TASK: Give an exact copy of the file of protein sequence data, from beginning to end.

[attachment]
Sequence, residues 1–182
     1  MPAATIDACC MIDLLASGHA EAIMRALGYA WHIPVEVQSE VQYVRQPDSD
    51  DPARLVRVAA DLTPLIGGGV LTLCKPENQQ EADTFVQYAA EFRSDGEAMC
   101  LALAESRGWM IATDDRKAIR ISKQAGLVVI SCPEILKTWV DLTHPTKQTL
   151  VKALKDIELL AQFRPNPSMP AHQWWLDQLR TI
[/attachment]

Sequence, residues 1–182
     1  MPAATIDACC MIDLLASGHA EAIMRALGYA WHIPVEVQSE VQYVRQPDSD
    51  DPARLVRVAA DLTPLIGGGV LTLCKPENQQ EADTFVQYAA EFRSDGEAMC
   101  LALAESRGWM IATDDRKAIR ISKQAGLVVI SCPEILKTWV DLTHPTKQTL
   151  VKALKDIELL AQFRPNPSMP AHQWWLDQLR TI